Published on October 7th, 2014 | by Travis Korte0
How CMS Can Improve its Fraud Prevention System
In 2011, the Centers for Medicare and Medicaid Services (CMS) implemented the Fraud Prevention System (FPS), a system designed to analyze Medicare claims data to predict potentially fraudulent behaviors and report the results to analysts, who can use the information to prioritize investigations. This is a critically important system in the fight against Medicare fraud, which costs taxpayers $60-$90 billion annually. While the system is useful, there are opportunities for improvement. Specifically, CMS should better integrate FPS into its payments systems so that it can suspend payments for suspicious claims, develop better performance targets to ensure the system is performing as desired, and improve its predictive models to detect more fraudulent claims.
First, CMS should ensure it is capable of suspending payments when FPS detects suspicious claims. While the agency’s fraud inspectors can deny payment for claims found to be fraudulent, they cannot for claims that are under investigation. As a result, CMS routinely pays suspicious claims that it is investigating, meaning that the agency must try to recover the funds if the claims turn out to be fraudulent after all. In many cases, it is unable to do so. Part of the motivation behind using predictive analytics to detect fraud is to move away from this “pay-and-chase” model and toward preventing fraud before it happens, but as long as CMS cannot suspend claims during ongoing investigations, the problem will persist. The Government Accountability Office (GAO) recommended in 2012 that CMS better integrate FPS with its Medicare payment processing system to allow this kind of payment suspension, and although CMS has made progress by implementing the ability to deny certain suspicious claims outright through FPS, it still has not resolved the problem of payment suspension. If it is to truly abandon the “pay-and-chase” approach to fraud, CMS should integrate the FPS and payment processing systems per GAO’s recommendations.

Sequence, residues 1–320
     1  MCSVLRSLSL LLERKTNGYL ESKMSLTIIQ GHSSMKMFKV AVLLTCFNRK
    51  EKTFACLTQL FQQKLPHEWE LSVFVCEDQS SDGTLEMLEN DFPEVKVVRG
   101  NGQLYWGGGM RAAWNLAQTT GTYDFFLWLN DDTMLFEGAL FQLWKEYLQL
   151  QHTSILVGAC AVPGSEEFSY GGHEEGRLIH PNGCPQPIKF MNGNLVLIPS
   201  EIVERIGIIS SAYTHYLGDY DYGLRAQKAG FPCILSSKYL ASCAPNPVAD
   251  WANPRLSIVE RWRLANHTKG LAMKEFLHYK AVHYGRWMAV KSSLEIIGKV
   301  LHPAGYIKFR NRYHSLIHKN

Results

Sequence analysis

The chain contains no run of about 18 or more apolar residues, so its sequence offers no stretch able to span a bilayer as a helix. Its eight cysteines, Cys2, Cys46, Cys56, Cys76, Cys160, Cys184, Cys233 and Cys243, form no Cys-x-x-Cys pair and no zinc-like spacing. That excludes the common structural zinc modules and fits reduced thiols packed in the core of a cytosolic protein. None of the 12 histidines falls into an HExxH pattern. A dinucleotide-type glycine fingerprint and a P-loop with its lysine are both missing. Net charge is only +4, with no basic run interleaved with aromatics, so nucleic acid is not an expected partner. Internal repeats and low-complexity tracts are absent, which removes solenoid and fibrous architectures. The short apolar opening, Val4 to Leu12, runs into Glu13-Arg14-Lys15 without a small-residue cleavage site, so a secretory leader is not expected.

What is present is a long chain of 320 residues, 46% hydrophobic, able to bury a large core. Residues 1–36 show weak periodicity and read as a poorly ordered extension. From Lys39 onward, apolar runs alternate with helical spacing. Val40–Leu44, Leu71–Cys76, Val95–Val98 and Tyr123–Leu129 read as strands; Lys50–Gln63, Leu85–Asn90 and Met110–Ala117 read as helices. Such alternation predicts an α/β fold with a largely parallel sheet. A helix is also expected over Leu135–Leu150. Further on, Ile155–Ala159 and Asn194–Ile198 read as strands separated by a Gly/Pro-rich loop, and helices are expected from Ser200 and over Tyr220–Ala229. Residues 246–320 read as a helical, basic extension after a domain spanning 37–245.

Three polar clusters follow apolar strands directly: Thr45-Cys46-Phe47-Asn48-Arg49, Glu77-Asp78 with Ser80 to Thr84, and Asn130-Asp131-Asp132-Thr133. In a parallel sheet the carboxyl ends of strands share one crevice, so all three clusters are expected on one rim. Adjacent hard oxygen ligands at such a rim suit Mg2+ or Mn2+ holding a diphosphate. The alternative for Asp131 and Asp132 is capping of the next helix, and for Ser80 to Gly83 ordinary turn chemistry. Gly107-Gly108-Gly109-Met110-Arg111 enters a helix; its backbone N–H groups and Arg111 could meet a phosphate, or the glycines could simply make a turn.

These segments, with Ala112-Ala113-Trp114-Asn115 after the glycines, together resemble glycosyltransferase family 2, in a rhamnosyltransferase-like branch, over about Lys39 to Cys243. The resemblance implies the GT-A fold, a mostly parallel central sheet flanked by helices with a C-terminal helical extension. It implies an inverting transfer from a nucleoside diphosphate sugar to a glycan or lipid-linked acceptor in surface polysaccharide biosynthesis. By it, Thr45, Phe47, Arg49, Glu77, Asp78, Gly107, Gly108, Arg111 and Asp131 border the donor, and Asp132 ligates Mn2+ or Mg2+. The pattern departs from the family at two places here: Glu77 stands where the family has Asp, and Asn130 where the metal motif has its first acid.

Second, CMS should develop stronger performance targets and milestones to evaluate FPS. Such performance measures are critical to ensuring the program is succeeding in its mission to reduce Medicare and Medicaid fraud, as well as helping inform Congress’s future funding decisions around the initiative. Although GAO raised this issue in 2012, CMS has argued that such targets and milestones are difficult to create, both because investigators’ performance according to these metrics may not accurately capture their merit and because the very existence of FPS should have a deterrent effect on fraud that is difficult to capture numerically. Even acknowledging both of these difficulties, CMS can do more to rigorously evaluate the extent to which FPS is working. For example, as of 2012, only five percent of CMS’s fraud investigations originated from FPS (the remainder coming from traditional means of fraud alerting, such as consumer complaints). One reasonable performance target could involve the system’s adoption rate among investigators. In addition, CMS could strive to reduce FPS’s false positive rate, i.e., the proportion of claims FPS flags as suspicious that do not ultimately lead investigators to fraud; or its false negative rate, i.e., the proportion of all fraud findings where FPS processed the claim but did not detect any issues. In general, the agency should continue to seek quantifiable metrics for FPS’s success.
Finally, CMS should improve FPS’s algorithms to ensure it is detecting as much fraud as possible. Because so much fraud goes unrecovered, even a modest improvement in algorithmic performance could mean major savings. CMS’s current process for refining FPS models involves collecting feedback from a variety of sources, including investigators, data analysts, and others. However, more effective means of improving algorithms exist. Private and public sector entities alike, such as streaming video company Netflix and the U.S. Defense Threat Reduction Agency, have hosted challenges to improve algorithms. CMS should host a similar competition, offering a public claims data set and challenging developers to exceed FPS’s accuracy in detecting fraud. The agency could offer a reward for the competition based on the improvement in accuracy, like the ones Dun & Bradstreet is offering for an upcoming fraud detection challenge of its own. Ultimately, agencies like CMS should be working to not only use analytics, but to build a platform that allows it to take advantage of the best analytics capabilities available.
Medicare and Medicaid fraud represents a massive annual cost to taxpayers, and CMS has a major opportunity to generate substantial tax savings with FPS. While CMS has made some progress at reducing fraud, it can still improve its efforts with greater payment systems integration, better performance targets, and more accurate algorithms.